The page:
Vanishing Point consists of a map of the world connected to a database fed by news coming from several international newspapers. The visibility of each country on the map results from the quantity of media coverage the country receives, so those countries that do not make the news disappear progressively.
Some countries, such as Taiwan, are completely invisible:
While others are (not surprisingly), well covered in the newspapers of the seven most industrialized nations.
Fortunately, thanks to the internet, we are no longer so dependent on such limited news sources. Still, while we have access to thousands of newspapers from all over the world, language remains a barrier. That’s where sites like Global Voices can step in and fill the gap. Ethan Zuckerman calls the bloggers linked to in the Global Voices news aggregator, “bridge bloggers.” These are bloggers who are able to cross not only a linguistic divide, but also a cultural one. As he wrote in an article for Anthropology News [AAA members only]:
Bridge bloggers have one foot in each of two worlds: the world they live in and the one their readers inhabit. To convey events and ideas to a global audience, authors need to speak in a language—literally and figuratively—that a global audience can understand. It’s unsurprising that most bridge bloggers have lived and worked abroad, or are expatriates writing about their adopted country.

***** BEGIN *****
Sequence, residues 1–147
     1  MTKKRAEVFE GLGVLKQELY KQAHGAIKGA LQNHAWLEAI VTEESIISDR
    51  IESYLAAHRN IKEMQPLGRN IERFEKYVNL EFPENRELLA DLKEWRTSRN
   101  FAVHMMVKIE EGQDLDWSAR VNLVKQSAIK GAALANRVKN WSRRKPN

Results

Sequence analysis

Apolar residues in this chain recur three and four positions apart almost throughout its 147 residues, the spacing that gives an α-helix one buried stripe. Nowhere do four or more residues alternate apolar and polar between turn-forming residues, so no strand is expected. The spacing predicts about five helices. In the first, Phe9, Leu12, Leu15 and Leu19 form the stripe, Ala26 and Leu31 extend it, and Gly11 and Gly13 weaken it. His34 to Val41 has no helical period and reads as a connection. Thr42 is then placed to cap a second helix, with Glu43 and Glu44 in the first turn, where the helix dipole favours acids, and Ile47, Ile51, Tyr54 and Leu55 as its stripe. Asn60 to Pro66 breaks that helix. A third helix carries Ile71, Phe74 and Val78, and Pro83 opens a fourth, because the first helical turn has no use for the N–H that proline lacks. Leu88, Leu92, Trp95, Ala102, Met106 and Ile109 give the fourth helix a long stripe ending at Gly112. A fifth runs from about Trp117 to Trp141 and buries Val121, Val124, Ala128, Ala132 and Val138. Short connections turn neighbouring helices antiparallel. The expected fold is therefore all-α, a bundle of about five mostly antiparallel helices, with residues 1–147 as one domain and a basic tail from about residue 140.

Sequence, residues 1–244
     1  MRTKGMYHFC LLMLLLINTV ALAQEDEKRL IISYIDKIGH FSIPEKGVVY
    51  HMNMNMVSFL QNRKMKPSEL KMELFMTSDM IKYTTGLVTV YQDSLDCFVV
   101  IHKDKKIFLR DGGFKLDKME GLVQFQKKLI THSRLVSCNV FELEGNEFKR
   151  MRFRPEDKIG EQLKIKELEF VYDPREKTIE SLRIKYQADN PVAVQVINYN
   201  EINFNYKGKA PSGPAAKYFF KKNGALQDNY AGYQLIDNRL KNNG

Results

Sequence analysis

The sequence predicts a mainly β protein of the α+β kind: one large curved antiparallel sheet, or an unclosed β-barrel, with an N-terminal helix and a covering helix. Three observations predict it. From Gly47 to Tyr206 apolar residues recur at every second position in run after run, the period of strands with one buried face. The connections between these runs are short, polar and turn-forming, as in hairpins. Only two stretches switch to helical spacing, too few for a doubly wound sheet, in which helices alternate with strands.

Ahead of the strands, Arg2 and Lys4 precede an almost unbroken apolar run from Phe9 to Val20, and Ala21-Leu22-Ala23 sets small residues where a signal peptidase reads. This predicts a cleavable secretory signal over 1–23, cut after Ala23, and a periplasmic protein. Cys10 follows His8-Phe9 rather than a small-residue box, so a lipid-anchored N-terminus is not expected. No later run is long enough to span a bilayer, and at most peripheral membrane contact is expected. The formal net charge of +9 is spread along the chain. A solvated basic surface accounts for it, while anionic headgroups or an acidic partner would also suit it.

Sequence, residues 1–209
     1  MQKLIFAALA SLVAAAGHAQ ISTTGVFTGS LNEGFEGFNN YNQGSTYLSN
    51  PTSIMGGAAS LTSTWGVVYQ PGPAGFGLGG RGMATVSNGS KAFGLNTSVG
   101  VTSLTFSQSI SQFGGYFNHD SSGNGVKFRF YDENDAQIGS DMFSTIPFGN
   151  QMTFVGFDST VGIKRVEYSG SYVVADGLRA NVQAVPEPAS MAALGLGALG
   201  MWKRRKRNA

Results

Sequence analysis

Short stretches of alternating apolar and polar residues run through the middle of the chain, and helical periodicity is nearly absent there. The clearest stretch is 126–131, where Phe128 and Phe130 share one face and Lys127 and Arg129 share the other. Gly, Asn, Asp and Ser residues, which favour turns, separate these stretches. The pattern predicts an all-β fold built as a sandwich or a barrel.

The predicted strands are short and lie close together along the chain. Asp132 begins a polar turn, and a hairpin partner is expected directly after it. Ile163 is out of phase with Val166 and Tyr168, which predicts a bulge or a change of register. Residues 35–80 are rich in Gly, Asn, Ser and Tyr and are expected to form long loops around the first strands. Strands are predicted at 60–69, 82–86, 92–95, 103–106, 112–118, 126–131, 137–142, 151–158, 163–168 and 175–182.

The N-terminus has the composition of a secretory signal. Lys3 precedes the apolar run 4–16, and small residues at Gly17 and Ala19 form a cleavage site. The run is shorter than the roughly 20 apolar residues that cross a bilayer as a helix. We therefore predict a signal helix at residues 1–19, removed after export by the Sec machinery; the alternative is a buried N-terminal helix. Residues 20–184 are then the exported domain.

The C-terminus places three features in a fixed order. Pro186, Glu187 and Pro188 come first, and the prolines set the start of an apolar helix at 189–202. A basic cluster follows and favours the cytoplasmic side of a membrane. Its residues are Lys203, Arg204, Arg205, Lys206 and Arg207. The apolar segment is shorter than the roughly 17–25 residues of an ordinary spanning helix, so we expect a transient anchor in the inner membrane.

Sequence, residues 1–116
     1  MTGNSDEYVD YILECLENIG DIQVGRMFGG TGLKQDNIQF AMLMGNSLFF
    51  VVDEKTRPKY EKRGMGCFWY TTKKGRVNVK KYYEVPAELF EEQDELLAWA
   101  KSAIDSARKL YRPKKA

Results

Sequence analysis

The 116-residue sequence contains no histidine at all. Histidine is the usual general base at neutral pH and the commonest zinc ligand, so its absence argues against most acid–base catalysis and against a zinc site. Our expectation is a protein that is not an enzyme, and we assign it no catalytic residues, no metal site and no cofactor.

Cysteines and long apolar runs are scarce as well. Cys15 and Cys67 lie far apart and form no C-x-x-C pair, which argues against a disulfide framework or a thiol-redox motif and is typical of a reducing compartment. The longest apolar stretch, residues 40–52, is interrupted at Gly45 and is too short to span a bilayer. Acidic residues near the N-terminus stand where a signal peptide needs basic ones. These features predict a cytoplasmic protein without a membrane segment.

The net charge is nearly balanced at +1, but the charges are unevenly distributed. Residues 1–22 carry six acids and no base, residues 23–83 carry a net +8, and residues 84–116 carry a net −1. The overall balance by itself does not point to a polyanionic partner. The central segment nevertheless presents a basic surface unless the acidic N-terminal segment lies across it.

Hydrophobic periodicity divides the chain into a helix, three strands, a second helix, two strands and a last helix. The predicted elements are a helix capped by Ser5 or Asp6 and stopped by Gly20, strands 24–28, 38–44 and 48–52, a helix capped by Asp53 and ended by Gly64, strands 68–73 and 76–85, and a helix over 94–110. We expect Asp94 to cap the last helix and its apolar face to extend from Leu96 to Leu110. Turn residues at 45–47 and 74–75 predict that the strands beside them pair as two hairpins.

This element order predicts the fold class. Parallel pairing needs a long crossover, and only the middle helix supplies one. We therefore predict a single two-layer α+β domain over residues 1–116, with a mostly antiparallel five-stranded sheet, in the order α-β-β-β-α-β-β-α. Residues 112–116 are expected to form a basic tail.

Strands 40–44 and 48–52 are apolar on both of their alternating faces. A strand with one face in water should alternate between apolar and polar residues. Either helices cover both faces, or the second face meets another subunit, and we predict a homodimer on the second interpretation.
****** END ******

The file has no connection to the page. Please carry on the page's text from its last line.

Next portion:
Zuckerman encourages anthropologists to blog precisely because they are often perfectly suited to exactly such a task. However, not all anthropologists are interested in explaining “their people” to the rest of the world. Some, like Alireza, have chosen to no longer blog in English, opting to blog only in Persian. While others, like this Norwegian anthropologist, have made a conscious decision to blog in English.
In the end, I’m not sure how much of a difference it will make. For highly motivated people, the information is out there and sites like Global Voices can be a useful tool. But most of the most popular blogs are still narrowly focused on information technology (with a concomitant obsession with the ever-exotic high-tech Japanese), or with American politics (and, justifiably, Iraq). Moreover, “bridge bloggers” often only cross national boundaries – not those boundaries of class, race and gender that often divide us within countries. True, there are some homeless bloggers (now in subsidized housing!), but I’m sure a map of the United States divided by class would show as much invisibility at the bottom as one sees in Africa on the Vanishing Point map.
(Thanks to Mike of Ishbaddidle for the link!)